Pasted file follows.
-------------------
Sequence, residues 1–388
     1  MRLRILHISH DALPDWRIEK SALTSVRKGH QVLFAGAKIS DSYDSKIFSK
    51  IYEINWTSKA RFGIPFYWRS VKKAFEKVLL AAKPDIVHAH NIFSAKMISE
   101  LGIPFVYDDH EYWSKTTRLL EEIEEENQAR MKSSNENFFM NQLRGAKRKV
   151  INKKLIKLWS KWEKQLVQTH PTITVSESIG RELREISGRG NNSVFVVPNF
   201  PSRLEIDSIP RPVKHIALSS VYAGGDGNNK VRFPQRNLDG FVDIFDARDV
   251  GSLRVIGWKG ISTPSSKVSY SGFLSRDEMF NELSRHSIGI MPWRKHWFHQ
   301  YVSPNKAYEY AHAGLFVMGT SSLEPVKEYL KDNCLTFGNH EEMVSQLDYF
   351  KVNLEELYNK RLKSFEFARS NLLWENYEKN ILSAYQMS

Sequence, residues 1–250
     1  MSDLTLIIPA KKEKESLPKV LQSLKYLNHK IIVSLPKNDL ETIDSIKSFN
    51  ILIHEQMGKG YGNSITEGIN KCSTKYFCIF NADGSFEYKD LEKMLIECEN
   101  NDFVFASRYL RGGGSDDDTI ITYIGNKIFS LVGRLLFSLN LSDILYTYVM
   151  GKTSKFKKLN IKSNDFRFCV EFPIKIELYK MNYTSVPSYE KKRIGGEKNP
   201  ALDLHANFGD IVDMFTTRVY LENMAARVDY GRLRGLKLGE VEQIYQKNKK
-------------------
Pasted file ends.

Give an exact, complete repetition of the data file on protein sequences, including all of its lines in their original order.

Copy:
Sequence, residues 1–388
     1  MRLRILHISH DALPDWRIEK SALTSVRKGH QVLFAGAKIS DSYDSKIFSK
    51  IYEINWTSKA RFGIPFYWRS VKKAFEKVLL AAKPDIVHAH NIFSAKMISE
   101  LGIPFVYDDH EYWSKTTRLL EEIEEENQAR MKSSNENFFM NQLRGAKRKV
   151  INKKLIKLWS KWEKQLVQTH PTITVSESIG RELREISGRG NNSVFVVPNF
   201  PSRLEIDSIP RPVKHIALSS VYAGGDGNNK VRFPQRNLDG FVDIFDARDV
   251  GSLRVIGWKG ISTPSSKVSY SGFLSRDEMF NELSRHSIGI MPWRKHWFHQ
   301  YVSPNKAYEY AHAGLFVMGT SSLEPVKEYL KDNCLTFGNH EEMVSQLDYF
   351  KVNLEELYNK RLKSFEFARS NLLWENYEKN ILSAYQMS

Sequence, residues 1–250
     1  MSDLTLIIPA KKEKESLPKV LQSLKYLNHK IIVSLPKNDL ETIDSIKSFN
    51  ILIHEQMGKG YGNSITEGIN KCSTKYFCIF NADGSFEYKD LEKMLIECEN
   101  NDFVFASRYL RGGGSDDDTI ITYIGNKIFS LVGRLLFSLN LSDILYTYVM
   151  GKTSKFKKLN IKSNDFRFCV EFPIKIELYK MNYTSVPSYE KKRIGGEKNP
   201  ALDLHANFGD IVDMFTTRVY LENMAARVDY GRLRGLKLGE VEQIYQKNKK